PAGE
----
Florida State vs. Miami: Losing Stephen Morris Would Crush Canes' Upset Hopes

Rick WeinerFeatured ColumnistOctober 20, 2012

MIAMI GARDENS, FL - OCTOBER 13: Stephen Morris #17 of the Miami Hurricanes throws the ball against the North Carolina Tar Heels on October 13, 2012 at Sun Life Stadium in Miami Gardens, Florida. (Photo by Joel Auerbach/Getty Images)
Joel Auerbach/Getty Images

Pulling off an upset against the No. 14 Florida State Seminoles was going to be tough enough for Al Golden's Miami Hurricanes.

Doing it without starting quarterback Stephen Morris, who has led the Hurricanes to the 24th most potent passing attack in the nation, averaging nearly 300 yards through the air per game, would prove to be a near-impossible feat.

Morris, Miami's junior signal-caller, sprained his ankle in the fourth quarter against North Carolina during the team's Week 7 loss to the Tar Heels and was forced to leave the game.

Golden said x-rays on QB Stephen Morris are negative for a fracture; it's a sprain (not a high ankle) #UM

— Manny Navarro (@Manny_Navarro) October 14, 2012

He's officially listed as doubtful for this week's game against Florida State, meaning that sophomore Ryan Williams, who filled in admirably for Morris at the end of the North Carolina game, completing 9-of-13 passes for 80 yards, would be the man under center for the Hurricanes.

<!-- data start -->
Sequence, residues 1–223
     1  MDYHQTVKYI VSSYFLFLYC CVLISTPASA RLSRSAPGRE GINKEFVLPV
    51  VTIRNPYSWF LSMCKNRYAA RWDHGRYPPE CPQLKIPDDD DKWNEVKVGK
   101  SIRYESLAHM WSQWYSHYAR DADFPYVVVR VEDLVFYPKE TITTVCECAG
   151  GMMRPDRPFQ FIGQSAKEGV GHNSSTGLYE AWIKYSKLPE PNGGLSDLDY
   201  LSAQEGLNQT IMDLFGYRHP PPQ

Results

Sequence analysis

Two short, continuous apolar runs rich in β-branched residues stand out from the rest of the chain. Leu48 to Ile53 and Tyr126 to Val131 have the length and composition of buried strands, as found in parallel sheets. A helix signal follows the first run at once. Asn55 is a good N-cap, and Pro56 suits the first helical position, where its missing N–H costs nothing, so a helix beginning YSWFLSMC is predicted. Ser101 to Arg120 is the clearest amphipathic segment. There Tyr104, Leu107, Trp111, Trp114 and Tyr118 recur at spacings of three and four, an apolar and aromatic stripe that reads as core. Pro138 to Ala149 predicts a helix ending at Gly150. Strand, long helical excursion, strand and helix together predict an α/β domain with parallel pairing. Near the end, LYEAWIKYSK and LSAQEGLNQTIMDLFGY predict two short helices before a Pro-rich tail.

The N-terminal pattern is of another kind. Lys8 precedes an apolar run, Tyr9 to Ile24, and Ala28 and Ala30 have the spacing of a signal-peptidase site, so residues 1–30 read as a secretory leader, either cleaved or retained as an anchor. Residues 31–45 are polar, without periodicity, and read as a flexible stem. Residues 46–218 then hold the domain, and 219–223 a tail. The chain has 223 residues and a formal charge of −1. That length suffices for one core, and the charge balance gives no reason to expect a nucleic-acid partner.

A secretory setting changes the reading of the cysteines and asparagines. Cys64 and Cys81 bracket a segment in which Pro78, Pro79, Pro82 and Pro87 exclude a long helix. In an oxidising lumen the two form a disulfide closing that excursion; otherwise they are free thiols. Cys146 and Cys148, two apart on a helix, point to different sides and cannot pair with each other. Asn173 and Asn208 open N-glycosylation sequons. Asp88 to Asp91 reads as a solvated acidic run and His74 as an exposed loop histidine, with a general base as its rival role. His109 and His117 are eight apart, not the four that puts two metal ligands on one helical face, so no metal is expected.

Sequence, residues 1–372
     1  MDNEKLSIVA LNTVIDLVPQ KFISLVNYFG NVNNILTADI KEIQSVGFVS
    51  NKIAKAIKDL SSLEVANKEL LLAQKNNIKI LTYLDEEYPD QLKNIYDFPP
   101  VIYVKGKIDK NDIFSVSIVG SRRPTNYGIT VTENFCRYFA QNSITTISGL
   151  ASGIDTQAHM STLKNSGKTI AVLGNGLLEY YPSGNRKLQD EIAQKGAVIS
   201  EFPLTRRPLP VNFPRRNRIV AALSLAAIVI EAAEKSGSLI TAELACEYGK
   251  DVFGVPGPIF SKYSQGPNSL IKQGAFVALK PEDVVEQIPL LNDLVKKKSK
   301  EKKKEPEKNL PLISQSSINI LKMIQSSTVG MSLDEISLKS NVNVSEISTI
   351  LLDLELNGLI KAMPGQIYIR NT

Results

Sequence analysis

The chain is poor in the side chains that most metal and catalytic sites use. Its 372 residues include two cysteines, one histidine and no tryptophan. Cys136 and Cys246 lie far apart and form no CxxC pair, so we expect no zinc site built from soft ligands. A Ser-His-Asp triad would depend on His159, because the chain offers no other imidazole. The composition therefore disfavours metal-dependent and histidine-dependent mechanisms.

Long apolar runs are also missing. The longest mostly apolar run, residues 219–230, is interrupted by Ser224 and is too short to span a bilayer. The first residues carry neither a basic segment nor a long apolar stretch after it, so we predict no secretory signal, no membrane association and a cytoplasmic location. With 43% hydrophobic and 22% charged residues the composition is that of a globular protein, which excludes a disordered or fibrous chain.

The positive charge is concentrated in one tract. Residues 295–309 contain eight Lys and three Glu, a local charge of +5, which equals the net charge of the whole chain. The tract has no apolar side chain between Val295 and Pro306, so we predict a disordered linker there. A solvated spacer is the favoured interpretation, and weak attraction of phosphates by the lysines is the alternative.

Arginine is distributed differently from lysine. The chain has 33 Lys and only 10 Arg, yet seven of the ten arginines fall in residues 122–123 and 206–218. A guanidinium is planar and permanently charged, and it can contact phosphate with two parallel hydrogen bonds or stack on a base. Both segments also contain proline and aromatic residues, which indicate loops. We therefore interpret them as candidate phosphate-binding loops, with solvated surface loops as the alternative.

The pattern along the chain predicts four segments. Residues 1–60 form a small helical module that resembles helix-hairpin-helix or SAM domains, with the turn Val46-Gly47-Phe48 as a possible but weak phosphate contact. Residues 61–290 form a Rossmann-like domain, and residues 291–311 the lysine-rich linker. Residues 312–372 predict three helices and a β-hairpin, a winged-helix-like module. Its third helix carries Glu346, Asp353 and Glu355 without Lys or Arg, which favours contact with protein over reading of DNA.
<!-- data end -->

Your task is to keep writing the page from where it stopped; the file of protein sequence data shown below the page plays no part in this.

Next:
Miami QB Stephen Morris officially listed as doubtful

— Joe Schad (@schadjoe) October 18, 2012

While Morris returned to practice earlier this week, questions will abound as to whether he will be ready to go against the third-best defense in the nation on Saturday, one that allows only 222 yards per game to opposing offenses.

Watching #UM #Canes QB Stephen Morris drop back & throw & he looks fine. Zipping the ball.

— Susan Miller Degnan (@smillerdegnan) October 17, 2012

If Morris is able to go, the question becomes not how he'll perform, but can he stay in the game long enough to make a difference?

Florida State has 17 sacks on the season, the 34th-highest total in the country.

While Miami's offensive line has improved steadily since allowing six sacks in the first two games of the year, cutting that number in half over its past five games, it will have its hands full against a formidable Seminoles' pass rush.

With all due respect to Williams, who is a far better quarterback than I, it's difficult to see him succeeding against a Seminoles defense that is capable of shutting down even the most explosive offenses in the country.

Stephen Morris under center gives the Hurricanes a fighter's chance—a relatively inexperienced Ryan Williams does not.

Miami needs Stephen Morris to pull this upset off.